Even the tasting bar is made of chalk-grade slate, where you’ll cozy up to the teacher handing out tasting “homework” in subjects like Bordeaux-style Perigee and Apogee, followed by a test in the Estate Luminesce blending of Semillon and Sauvignon Blanc. Erase any bad memories of long days at school at this top Washington winery.
Cultura Wine, Zillah
For a small winery in a small town with a name like Zillah, expectations are varied – which makes it even more delightful to discover the family-owned treasure of Cultura about 18 miles from Yakima. Mount Adams and Mount Ranier vie for attention in the distance, but you’ll soon be mesmerized by Cultura’s shiny state-of-the-art productions facilities juxtaposed with a golden, earthy wood-decked tasting room.
Cultura owners, Tad and Sarah Fewel, are part of the same Fewel family who runs the hilltop Cherry Hill Bed, Breakfast, and Barn just down the street. The B&B can be pinpointed by the row of enormous white teepees piercing the horizon. Tad’s horse-whispering sister and mother rescue horses and rehabilitate them for horseback wine-tasting tours, followed by overnight stays in posh teepees with campfires and outdoor soaking baths.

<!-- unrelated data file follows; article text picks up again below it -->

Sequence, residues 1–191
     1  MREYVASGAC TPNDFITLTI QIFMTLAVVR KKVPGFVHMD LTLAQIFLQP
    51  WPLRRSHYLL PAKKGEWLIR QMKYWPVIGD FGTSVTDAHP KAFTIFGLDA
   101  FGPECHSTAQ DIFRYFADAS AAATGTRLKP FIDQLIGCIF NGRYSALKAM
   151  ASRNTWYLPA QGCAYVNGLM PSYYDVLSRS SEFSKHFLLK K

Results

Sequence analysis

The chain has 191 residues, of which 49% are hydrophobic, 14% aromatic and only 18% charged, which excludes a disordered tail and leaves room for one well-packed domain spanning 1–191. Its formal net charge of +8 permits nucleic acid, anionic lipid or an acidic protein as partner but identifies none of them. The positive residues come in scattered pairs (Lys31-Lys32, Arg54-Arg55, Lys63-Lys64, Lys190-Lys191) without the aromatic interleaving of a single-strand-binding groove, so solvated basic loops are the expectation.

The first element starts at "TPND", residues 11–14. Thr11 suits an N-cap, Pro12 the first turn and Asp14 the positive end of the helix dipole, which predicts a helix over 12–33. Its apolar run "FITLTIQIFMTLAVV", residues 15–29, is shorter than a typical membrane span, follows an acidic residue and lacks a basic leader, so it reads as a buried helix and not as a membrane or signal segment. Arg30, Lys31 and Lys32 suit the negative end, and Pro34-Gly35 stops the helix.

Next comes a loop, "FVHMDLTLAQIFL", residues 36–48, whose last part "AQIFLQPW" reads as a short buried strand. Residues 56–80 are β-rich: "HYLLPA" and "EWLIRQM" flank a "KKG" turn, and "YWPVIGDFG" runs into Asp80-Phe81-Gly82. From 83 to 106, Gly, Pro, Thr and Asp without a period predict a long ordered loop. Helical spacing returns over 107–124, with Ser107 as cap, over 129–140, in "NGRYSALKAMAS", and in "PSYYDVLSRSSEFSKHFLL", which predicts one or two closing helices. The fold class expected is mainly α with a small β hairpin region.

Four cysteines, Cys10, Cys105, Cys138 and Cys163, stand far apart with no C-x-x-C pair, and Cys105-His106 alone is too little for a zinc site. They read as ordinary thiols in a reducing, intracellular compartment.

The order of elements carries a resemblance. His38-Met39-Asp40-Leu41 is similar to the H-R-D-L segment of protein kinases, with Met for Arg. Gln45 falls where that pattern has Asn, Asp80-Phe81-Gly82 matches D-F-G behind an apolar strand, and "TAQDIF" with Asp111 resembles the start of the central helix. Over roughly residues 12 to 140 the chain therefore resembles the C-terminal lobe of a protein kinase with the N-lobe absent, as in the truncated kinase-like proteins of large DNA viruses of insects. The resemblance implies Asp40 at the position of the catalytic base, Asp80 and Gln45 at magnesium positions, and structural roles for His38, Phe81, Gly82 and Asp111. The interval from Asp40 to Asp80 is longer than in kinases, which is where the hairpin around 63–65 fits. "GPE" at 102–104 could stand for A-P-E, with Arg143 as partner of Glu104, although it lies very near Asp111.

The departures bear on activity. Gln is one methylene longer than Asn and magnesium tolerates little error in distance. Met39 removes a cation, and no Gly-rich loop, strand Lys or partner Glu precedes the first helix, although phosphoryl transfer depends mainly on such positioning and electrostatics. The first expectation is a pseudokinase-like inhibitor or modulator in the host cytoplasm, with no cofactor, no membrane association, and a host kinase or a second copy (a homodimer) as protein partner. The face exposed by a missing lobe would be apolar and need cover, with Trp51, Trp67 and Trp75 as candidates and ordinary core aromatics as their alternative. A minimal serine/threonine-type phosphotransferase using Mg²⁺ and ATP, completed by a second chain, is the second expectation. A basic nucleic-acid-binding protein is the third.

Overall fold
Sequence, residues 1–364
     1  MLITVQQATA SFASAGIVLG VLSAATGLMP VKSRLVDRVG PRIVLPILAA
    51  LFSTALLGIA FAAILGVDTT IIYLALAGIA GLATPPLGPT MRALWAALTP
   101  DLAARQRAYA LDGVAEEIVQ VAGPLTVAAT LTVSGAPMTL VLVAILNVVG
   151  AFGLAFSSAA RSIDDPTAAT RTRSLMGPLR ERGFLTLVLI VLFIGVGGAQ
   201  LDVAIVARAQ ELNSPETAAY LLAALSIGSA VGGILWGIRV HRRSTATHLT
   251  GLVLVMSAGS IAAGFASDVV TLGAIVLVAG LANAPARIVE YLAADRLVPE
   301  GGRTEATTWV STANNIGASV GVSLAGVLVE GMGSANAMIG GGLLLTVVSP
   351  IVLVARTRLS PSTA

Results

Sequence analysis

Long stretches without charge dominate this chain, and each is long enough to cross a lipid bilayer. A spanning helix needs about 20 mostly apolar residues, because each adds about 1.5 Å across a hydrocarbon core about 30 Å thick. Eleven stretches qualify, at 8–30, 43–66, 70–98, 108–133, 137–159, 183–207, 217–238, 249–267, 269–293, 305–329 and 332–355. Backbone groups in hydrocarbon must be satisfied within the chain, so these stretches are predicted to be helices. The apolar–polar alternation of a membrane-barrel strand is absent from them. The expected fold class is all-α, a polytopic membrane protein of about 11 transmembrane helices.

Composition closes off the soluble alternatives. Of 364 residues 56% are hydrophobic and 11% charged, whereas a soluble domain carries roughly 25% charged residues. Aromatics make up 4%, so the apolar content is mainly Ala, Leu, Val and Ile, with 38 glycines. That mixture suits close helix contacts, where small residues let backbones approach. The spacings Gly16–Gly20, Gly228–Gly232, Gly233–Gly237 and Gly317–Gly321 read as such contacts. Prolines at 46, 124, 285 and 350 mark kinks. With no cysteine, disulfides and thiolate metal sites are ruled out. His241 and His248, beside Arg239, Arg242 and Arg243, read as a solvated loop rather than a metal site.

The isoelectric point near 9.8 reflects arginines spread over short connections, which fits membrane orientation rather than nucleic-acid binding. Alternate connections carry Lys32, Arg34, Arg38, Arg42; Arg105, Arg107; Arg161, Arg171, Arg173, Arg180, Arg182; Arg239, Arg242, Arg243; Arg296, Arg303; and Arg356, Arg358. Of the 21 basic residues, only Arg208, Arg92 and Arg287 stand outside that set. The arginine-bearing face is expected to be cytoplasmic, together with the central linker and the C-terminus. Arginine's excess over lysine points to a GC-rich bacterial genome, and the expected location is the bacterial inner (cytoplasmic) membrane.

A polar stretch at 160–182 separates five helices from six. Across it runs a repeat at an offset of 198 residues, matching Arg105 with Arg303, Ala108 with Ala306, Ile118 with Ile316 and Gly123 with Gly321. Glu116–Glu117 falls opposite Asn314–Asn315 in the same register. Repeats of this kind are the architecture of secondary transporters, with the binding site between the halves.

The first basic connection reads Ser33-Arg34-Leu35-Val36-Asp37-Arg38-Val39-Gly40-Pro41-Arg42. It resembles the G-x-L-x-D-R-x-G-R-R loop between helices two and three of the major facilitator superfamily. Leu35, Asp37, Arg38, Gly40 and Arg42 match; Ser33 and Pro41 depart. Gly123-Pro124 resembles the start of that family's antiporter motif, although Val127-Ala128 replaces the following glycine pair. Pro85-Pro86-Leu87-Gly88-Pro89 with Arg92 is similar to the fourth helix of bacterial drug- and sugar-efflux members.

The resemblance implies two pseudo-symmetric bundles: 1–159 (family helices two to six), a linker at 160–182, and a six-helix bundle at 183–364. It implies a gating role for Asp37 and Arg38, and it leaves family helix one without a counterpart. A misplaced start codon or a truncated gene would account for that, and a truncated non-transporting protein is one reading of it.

Chateau Ste Michelle, Woodinville
As one of the most recognizable mansion estates in Western Washington, Chateau Ste Michelle hardly needs an introduction to wine aficionados. But it does continue to deserve accolades for the wine-tasting experience in rural Woodinville, about 20 miles from Seattle. This is sipping and sampling in grand style, with genteel tasting rooms spilling into one another with high-end vintages presented elegantly with unrivaled wine expertise. Because of their dedication to making great wine, Chateau Ste Michelle is guaranteed to stay on any list of the best Washington wineries.
Bring your own lawn picnic and spend the day at the chateau, or come for a summer concert evening with big-name crooners such as Elvis Costello, Kenny Loggins, Chris Isaak, James Taylor and Chicago.
Alexandria Nicole Cellars; Prosser, Woodinville, and Paterson
Alexandria Nicole Cellars actually has three tasting rooms now, including the estate grounds of Destiny Ridge Vineyard in Paterson. Adventurous wine tasters can stay overnight at Destiny Ridge with tiny-house “glamping” in the vineyard.
If your wine adventure centers around Woodinville, the Alexandria Nicole tasting room there has a special treat: a secret room hidden behind a bookshelf, entered by pulling on a John Le Carré mystery. This is where to get a swig of their signature limited-production “library wines.”
Harbinger Winery, Port Angeles
Nestled inside a former logging truck stop on the pristine Olympic Peninsula, Harbinger Winery epitomizes its trademark surroundings as the gateway to Olympic National Forest. Home to majestic rainforests, Dungeness crab and endless rambling lavender fields, the area puts the “wild” in “wilderness.” Varietals from this “wet side” of Washington lean toward the eclectic, and Harbinger offers some of the best in what they call the four food groups: wine, chocolate, cheese, and beer.